Bistrot du Paradou is simply not a restaurant for everyone. In fact, let me discourage you entirely from eating here – you will hate it. It is an unpretentious, no-frills eatery with no colored gel dots festooning plates or even bizarre culinary fusions poetically listed on a whimsical menu. Actually, there isn’t even a menu; all you get is whatever the chef decides to cook for that day and that’s it. There are no fancy linens, no Riedel stemware, nor imposing sommeliers; there really isn’t even a wine list, just a single open bottle lay waiting on every table. And you had better make reservations or risk not getting a table.
Stone floors and walls, family tables, pastis, and beautifully executed recipes that grandmother would have cooked. Go for Friday lunch.” —Libby Travers, food writer
Bistrot du Paradou, located in the sleepy hamlet of Paradou, is the sort of place every serious food lover dreams to discover in France. It’s the kind of place that makes you feel like you may have read about in a Marcel Pagnol book or perhaps a vintage Michelin guide mentioning a stately grand-mère cooking unpretentious rustic fare for weary travelers.
Lisa and I discovered it quite by accident. We were renting a home in nearby Fontvieille and drove past Bistrot du Paradou several times during our first week there. I was more worried about not hitting the plane trees that lined the narrow D17 than finding new spots to eat. For Lisa, driving past always seemed to occur in slow motion, almost like recalling a long lost romantic memory. Lisa cooed as I shot past white-knuckled, stomach sucked in tightly through the narrow two-lane corridor of trees no wider than an average single car lane in the US. The sturdy Plane trees bore more notch marks than even the most feared gunslinger’s pistol from the old West.
Completely unfazed by our near-death experience, she continued to wax on about how perfect the restaurant appeared and remarked that we really needed to check it out. I only caught quick glimpses, but would always hear the happy laughter that emanates from convivial dining spots.
The exterior of the building looked very inviting. The unassuming old building was brightly painted white with typical Provencal baby blue shutters. Two ancient trees shaded the crushed limestone terrace while the serenade of cicadas provided the evening’s entertainment. The jam-packed parking lot was a better indicator of the restaurant’s quality than any online review could ever hope to. The air was richly perfumed with the savory herbal scents of golden Bresse chickens slowly spinning on the kitchen rotisserie. Both my stomach and I knew we had found a great spot to eat.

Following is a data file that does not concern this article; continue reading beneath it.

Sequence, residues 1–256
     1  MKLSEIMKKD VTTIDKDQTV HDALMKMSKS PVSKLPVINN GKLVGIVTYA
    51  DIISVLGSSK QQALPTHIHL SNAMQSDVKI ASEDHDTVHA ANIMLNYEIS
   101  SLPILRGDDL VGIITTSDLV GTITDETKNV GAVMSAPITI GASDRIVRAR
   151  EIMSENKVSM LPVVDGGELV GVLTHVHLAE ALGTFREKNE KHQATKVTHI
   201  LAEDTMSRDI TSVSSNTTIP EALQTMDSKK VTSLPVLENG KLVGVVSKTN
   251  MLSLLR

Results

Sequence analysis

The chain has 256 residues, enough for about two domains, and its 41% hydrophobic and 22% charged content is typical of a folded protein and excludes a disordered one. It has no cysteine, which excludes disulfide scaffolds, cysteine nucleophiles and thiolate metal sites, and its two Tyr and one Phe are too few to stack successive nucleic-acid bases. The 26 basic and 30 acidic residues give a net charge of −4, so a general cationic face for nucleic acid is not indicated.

Mon Dieu, No Reservations?
We were greeted by a cheerful waiter who asked about our reservations. His expression quickly soured when we replied we had none. He muttered a very vague peut être before consulting the well-worn reservation book. From the edge of the rustic stone walls and timber beams of the interior, we noticed only two of the massive wood tables actually had guests seated. The dining room was barely full when he said he could squeeze us into a small zinc covered bistro table near the bar.
Within 20 minutes every seat was filled. Locals even packed the bar nibbling on hors d’oeuvres and enjoying their first pastis before eating lunch. The regulars knew the ritual; call at the beginning of the week to see what gastronomic delights were planned for the upcoming week. Then arrive hungry on the day with their stomachs anticipating a perfect cassoulet or rabbit Provencale. We seemed to be the only new people that day.
When the Good Lord begins to doubt the world, he remembers that he created Provence.
The waiter announced the day’s menu to us; a choice of escargots in garlic butter or a foie gras terrine with toast; followed by grilled local Alpilles lamb with artichokes barigoule and potato puree; a plateau of cheeses; and then our choice of homemade desserts. Beaumont, our eight-year-old son, licked his lips in anticipation; escargots in garlic butter were among his favorite things to eat.
We sat in the corner of the dining room, enjoying a glass of wine as the scenes of life played out in front of us. The good-humored shenanigans of the home-grown contingent of good ole boys severely contrasted by the austere nature of an English family of six who dined across the room. Not a smile was shed as they quietly mopped up all the juices of their lamb plates with a piece of baguette. I noticed their bottle of wine was barely touched by the time Lisa and I had killed our first.
Dining in Paradise